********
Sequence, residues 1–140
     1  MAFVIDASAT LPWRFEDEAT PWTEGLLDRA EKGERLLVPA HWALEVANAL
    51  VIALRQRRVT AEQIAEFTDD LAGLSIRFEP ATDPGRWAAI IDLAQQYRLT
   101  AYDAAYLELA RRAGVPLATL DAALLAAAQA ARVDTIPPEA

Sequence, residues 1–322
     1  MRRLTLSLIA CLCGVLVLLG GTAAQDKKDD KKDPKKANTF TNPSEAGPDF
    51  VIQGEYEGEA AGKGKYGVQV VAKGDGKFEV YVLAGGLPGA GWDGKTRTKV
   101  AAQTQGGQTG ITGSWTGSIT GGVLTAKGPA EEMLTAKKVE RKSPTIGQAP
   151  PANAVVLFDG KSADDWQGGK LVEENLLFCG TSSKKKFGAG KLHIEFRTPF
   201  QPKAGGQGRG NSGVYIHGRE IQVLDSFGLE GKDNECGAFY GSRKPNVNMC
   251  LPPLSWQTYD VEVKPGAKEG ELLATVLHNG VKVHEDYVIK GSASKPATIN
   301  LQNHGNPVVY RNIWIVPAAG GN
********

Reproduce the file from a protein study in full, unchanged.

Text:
Sequence, residues 1–140
     1  MAFVIDASAT LPWRFEDEAT PWTEGLLDRA EKGERLLVPA HWALEVANAL
    51  VIALRQRRVT AEQIAEFTDD LAGLSIRFEP ATDPGRWAAI IDLAQQYRLT
   101  AYDAAYLELA RRAGVPLATL DAALLAAAQA ARVDTIPPEA

Sequence, residues 1–322
     1  MRRLTLSLIA CLCGVLVLLG GTAAQDKKDD KKDPKKANTF TNPSEAGPDF
    51  VIQGEYEGEA AGKGKYGVQV VAKGDGKFEV YVLAGGLPGA GWDGKTRTKV
   101  AAQTQGGQTG ITGSWTGSIT GGVLTAKGPA EEMLTAKKVE RKSPTIGQAP
   151  PANAVVLFDG KSADDWQGGK LVEENLLFCG TSSKKKFGAG KLHIEFRTPF
   201  QPKAGGQGRG NSGVYIHGRE IQVLDSFGLE GKDNECGAFY GSRKPNVNMC
   251  LPPLSWQTYD VEVKPGAKEG ELLATVLHNG VKVHEDYVIK GSASKPATIN
   301  LQNHGNPVVY RNIWIVPAAG GN